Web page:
News, United Airlines

Are United Partner Awards Maybe NOT Going Fully Dynamic (Yet)?

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Yesterday, I wrote this post: United Confirms Dynamic PARTNER Award Pricing – What Does This Mean?.

In hindsight, I should have written United’s Website Appears to  Confirm Dynamic PARTNER Award Pricing – What Does This Mean?.

See the difference?united dynamic partner award pricing

The website, as shown in this screen grab does, in my opinion, unambiguously say what it says. It clearly references the partner award chart and states that “there may be flights that require a higher number f miles than the amounts indicated on the chart.”

Well, the venerable Gary Leff at View From the Wing has something I do not – direct access to United’s Vice President of Loyalty Luc Bondar. And in this article today, Gary states that this particular language only refers to partner awards that include a United segment domestically. He also notes this language has been in place for a while, though I certainly didn’t see it at the time UA announced the dynamic pricing.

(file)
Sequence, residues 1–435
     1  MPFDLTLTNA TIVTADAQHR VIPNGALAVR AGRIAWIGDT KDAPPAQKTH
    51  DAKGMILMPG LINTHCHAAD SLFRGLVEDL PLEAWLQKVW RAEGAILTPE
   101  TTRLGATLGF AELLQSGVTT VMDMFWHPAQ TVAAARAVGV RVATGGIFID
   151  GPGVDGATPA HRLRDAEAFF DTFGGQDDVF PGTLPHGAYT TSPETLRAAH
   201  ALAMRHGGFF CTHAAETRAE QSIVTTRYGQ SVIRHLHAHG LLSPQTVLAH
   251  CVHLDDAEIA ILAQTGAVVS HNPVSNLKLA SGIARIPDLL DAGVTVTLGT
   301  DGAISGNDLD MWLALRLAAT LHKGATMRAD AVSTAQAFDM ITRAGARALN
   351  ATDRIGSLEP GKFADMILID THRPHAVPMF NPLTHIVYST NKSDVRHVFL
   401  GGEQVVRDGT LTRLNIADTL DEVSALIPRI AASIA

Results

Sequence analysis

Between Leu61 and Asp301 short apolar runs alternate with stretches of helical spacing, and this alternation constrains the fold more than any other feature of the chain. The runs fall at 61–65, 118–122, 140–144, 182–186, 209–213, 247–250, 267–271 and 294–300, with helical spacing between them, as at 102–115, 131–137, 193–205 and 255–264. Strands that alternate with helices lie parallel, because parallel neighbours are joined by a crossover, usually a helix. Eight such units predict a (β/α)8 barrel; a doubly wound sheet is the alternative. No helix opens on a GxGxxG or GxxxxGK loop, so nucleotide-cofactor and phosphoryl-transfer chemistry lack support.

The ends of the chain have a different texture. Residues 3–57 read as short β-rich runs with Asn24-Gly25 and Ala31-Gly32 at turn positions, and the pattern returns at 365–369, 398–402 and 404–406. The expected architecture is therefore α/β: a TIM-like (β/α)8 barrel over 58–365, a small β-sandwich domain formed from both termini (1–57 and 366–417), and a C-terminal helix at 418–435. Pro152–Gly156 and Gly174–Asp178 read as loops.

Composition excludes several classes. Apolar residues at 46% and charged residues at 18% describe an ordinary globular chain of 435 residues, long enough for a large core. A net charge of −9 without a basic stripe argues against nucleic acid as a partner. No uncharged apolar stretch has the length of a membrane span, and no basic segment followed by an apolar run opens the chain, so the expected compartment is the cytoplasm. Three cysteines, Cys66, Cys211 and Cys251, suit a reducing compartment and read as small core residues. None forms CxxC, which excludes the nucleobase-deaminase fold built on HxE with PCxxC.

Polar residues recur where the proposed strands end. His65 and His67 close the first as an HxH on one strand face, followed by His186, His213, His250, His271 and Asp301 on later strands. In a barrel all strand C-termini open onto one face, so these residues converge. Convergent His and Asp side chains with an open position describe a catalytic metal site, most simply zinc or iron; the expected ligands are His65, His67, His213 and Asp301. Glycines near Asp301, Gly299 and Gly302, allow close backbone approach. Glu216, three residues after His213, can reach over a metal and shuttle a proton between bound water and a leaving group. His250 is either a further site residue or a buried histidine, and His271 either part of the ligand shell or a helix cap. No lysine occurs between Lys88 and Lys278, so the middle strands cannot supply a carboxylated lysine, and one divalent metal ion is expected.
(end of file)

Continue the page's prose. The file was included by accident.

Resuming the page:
If true, this means that, for now, the existing partner award chart can continue to be relied upon and that, for flights after Nov 15th, you may start to notice that the “price is not the price” if you have a UA segment included.

How would this work?

This would likely be very similar to how Delta awards (usually) work, which is that if you find a direct flight on a partner it will, in most cases (but not all, because, Delta) price at the low award level that isn’t published but can be attained with some effort a.k.a. online research. If you add in a DL segment, all bets are off. An award on Delta could be 90,000 miles and then you add JFK-LAX on and find it’s now 420,000 miles.

In that scenario, you can back out the domestic segment and buy a positioning flight instead. The mechanics of the award pricing seem to default to the award level of the highest segment. I wouldn’t be surprised if that is how UA works as well (or similar).

All of this said, I don’t think this is a completely false alarm

The language is written in such a way that they COULD move to dynamic pricing on partners later and not be going against what is written.

For now, though, we seem somewhat safe. 

What is your strategy going forward?

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